Bernard Lewis was the child of Jews born in England whose modest success in business made it possible for him to attend a respectable school and then the University of London. His skill at languages brought him to the wartime British intelligence services. He stood out from his peers both as a writer for a broad audience—his 1950 popular work The Arabs in History went through six editions—and as a scholar. He was the first Western scholar to gain access to the vast archives of the Ottoman Empire, and one of very few with the skills to examine them. His 1961 book The Emergence of Modern Turkey made him the outstanding scholar in the field.
But his single most influential utterance may have been a 1990 essay in the Atlantic Monthly, “The Roots of Muslim Rage,” with a warning that would be remembered 11 years later after the World Trade Center attack:
Islam is one of the world’s great religions. Let me be explicit about what I, as a historian of Islam who is not a Muslim, mean by that. Islam has brought comfort and peace of mind to countless millions of men and women. It has given dignity and meaning to drab and impoverished lives. … It has taught people of different races to live in brotherhood and people of different creeds to live side by side in reasonable tolerance. It inspired a great civilization in which others besides Muslims lived creative and useful lives and which, by its achievement, enriched the whole world. But Islam, like other religions, has also known periods when it inspired in some of its followers a mood of hatred and violence. It is our misfortune that part, though by no means all or even most, of the Muslim world is now going through such a period, and that much, though again not all, of that hatred is directed against us.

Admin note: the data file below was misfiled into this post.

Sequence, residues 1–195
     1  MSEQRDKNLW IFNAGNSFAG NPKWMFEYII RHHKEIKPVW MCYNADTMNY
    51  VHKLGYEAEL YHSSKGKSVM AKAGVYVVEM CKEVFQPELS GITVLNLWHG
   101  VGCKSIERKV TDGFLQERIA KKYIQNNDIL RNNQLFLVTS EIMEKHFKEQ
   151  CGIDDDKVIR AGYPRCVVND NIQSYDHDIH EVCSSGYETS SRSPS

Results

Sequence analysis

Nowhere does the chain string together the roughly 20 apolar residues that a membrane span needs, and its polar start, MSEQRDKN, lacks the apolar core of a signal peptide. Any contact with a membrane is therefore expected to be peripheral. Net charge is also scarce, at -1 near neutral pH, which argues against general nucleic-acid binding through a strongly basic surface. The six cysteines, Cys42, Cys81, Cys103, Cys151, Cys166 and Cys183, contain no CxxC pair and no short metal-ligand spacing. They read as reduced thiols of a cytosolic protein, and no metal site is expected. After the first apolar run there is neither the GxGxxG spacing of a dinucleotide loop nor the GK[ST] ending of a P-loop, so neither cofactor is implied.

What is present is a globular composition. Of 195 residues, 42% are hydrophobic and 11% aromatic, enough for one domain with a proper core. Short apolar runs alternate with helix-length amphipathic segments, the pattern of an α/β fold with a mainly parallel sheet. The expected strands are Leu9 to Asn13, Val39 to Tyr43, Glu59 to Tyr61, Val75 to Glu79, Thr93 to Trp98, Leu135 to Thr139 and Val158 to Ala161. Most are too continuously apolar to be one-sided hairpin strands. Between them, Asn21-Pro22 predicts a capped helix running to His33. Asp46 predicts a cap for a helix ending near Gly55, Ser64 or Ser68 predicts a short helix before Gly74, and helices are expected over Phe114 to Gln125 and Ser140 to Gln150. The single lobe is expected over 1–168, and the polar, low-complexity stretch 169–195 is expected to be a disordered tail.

Islam saw itself as the center of truth and enlightenment, Lewis explained, and divided the world into the House of Islam and the House of War—that part of the world yet unassimilated into the true faith. Muslims could not accept that the ascendancy of the West had left them weak, backward, and humiliated. As he explained,
The Muslim has suffered successive stages of defeat. The first was his loss of domination in the world. … The second was the undermining of his authority in his own country, through an invasion of foreign ideas and laws and ways of life. … The third—the last straw—was the challenge to his mastery in his own house, from emancipated women and rebellious children. … It was also natural that this rage should be directed primarily against the millennial enemy and should draw its strength from ancient beliefs and loyalties.
After Sept. 11, 2001, Lewis explained Muslim rage to anguished Americans in two best-selling books, What Went Wrong? (2002), and The Crisis of Islam: Holy War and Unholy Terror (2003). He notes that in April 2003, the former was at the top of the New York Times paperback best-seller list while the latter topped the hardcover list. As a public intellectual who knew personally most of the leading figures in Middle Eastern politics and as a scholar of unquestioned credentials, Lewis combined admonition and reassurance. The dark side of Islam, he continues to insist, ultimately is an anomaly for this “great civilization” in whose ultimate success Lewis still believes.
Gertrude Stein’s ties to Nazis, revisited at the museum, shouldn’t eclipse her nurturing of young artists